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L’affaire Hastert

Washington and Illinois are abuzz with l’affaire Hastert, the increasingly sordid tale of the former Speaker of the House of Representatives who is facing a federal indictment for illegal money transactions allegedly used to pay off a person with whom he is thought to have had sexual contact years ago while working as a high school teacher and wrestling coach. Lots of details are yet to emerge, but leaked information suggests this was not a run of the mill affair, but a relationship with a young man, under age, on one of his high school wrestling teams. Hastert is alleged to have paid him $3.5 million in hush money.

Hastert has made no public comment and has issued no denial of the charges. He is due in court next week so we may learn more. Wheaton College has already scrubbed his name from its public policy institute, he has resigned from his lobbying firm, long time acquaintances are expressing shock, state officials are cancelling plans for a $500,000 statue in the Illinois capitol building, the high school where he taught is denying any knowledge of an affair, and former colleagues in Washington are issuing carefully worded statements of dismay over the tragedy of it all.

Sexual abuse of a minor is a terrible thing and, if that’s what we’re dealing with here, then attention ought to shift to concern for the well-being of an individual who has lived with the consequences of misplaced trust in an adult authority figure for a long time. But another question needs attention as well: How is it that a former teacher, state representative, and Congressman has $3.5 million in loose cash sitting around available to pay hush money?

The answer these days is that public service often means personal enrichment. When Hastert arrived in Congress in 1987 his largest asset was a farm in southern Illinois that his wife inherited worth between $50,000 and $100,000. By the time he left Congress twenty years later his assets had ballooned to between $3.1 million and $11.3 million, according to The Washington Post. Most of the wealth was amassed through land deals in rural areas about to experience major growth and development. And in at least one case this had little to do with being a smart investor.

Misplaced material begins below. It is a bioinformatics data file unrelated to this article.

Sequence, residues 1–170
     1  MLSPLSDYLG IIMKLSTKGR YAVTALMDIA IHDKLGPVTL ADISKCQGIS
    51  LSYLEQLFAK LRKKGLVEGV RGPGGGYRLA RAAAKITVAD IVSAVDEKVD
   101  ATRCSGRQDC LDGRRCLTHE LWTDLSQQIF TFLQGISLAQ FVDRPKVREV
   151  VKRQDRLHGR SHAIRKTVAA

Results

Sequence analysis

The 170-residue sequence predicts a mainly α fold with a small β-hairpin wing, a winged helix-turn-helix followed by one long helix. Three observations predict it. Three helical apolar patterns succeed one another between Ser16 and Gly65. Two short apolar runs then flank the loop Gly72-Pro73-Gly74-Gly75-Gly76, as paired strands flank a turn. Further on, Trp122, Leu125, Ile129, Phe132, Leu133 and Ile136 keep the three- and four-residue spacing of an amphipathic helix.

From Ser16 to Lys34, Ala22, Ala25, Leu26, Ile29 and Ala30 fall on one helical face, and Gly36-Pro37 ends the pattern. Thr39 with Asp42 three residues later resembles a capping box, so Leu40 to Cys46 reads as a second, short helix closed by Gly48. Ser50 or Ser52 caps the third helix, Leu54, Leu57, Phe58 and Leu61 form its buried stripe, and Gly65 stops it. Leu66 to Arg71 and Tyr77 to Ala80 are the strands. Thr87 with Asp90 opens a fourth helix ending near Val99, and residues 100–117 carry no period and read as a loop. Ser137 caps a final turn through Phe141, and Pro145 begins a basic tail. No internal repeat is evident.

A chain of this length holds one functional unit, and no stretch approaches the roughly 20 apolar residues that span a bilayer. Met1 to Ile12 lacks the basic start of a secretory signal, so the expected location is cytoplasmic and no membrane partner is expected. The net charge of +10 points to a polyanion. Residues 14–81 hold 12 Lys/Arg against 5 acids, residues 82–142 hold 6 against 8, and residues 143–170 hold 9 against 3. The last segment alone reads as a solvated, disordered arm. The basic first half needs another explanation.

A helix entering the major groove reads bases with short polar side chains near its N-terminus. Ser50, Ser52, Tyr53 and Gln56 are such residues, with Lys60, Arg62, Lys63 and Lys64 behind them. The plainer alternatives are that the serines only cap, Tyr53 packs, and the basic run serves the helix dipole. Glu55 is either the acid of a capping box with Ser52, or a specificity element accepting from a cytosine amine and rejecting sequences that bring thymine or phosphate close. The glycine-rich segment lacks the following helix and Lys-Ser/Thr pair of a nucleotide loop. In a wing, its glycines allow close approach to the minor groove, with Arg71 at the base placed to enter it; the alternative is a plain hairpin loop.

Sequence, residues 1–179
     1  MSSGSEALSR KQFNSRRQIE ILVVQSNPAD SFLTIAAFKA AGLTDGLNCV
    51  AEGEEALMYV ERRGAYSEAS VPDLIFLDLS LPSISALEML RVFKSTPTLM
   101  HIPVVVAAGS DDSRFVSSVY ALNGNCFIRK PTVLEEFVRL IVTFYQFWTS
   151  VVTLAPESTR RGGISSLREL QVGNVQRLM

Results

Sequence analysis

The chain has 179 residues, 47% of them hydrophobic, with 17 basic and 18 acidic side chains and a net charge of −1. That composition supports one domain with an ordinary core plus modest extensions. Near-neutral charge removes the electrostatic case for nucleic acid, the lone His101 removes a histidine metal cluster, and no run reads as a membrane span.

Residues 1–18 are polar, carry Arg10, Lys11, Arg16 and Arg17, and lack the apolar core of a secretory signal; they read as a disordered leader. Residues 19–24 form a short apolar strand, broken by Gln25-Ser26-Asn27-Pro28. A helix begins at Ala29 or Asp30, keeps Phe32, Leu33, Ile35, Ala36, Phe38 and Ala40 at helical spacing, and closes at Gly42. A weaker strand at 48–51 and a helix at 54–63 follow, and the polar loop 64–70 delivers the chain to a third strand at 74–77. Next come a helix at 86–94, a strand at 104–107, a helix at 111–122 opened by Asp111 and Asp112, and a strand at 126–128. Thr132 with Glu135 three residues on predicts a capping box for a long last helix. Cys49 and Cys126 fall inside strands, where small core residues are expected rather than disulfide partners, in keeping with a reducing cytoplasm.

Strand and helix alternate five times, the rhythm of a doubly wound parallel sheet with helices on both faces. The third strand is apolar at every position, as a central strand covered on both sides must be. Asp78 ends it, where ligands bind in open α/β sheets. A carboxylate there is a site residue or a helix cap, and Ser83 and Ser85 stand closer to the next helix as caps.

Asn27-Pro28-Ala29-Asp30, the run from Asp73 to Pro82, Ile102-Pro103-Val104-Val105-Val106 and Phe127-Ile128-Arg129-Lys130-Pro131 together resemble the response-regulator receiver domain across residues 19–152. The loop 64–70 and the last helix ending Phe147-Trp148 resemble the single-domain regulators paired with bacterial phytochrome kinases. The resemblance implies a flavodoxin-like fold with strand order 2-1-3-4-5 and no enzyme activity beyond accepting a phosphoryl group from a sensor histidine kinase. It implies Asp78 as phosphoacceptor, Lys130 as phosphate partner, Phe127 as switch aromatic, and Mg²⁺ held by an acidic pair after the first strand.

Early in the 2000s Hastert and two partners purchased 138 acres of farmland in rural Plano, Illinois. It was a few miles from a proposed new highway. Hastert became a champion of the highway, earmarking over $200 million for the $ 1 billion dollar parkway in a federal transportation bill in 2005. Four months after the bill was signed Hastert and his partners sold off the now valuable land near the planned highway. His share of the proceeds is alleged to be about $ 3 million. Hastert’s participation in the deal was not made public until 2006.

Since leaving Wall Street Hastert joined a well-connected Washington law firm as head of its government relations practice lobbying on behalf of energy, tobacco, and financial service companies. His ability to call upon old friends and colleagues who continue to vote on sensitive legislation made him as much as $1 million to $2 million annually, according to knowledgeable estimates. It’s been a good run until last week, his reputation as a genial, friendly, non-polarizing leader more and more appealing in the era of slash and burn politics.

The mere hint of a sex scandal can, of course, turn a public servant’s career to toast and often into legal entanglements that threaten prosecution and jail. But apparently the law and public opinion leave open vast opportunities for public officials to use their position for enormous personal financial benefit. And it’s not as if the highway scam had no potential victims. Many local people were alarmed over the impact a highway cutting a large swath through their rural communities would have on an agricultural way of life and on the environment. And then there are the lobbying clients, including Lorillard Tobacco, the third largest manufacturer of cigarettes, including its new line of e-cigarettes. We’re right to be deeply concerned about the victim of some form of sex abuse years ago. But why don’t displaced farm communities and lung cancer victims also register on our scale of outrage?

The most recent l’affaire Hastert may well destroy him. The earlier affair simply made him rich. And that says a lot about the entitlements many in the political class have come to expect and that much of the public has apparently learned to tolerate. L’affaire Hastert will keep the press busy over the coming weeks and will prompt a lot of outrage. Meanwhile we are left to ponder why some forms of abuse lead to jail and others just to the good life.

John H. Thomas
June 4, 2015

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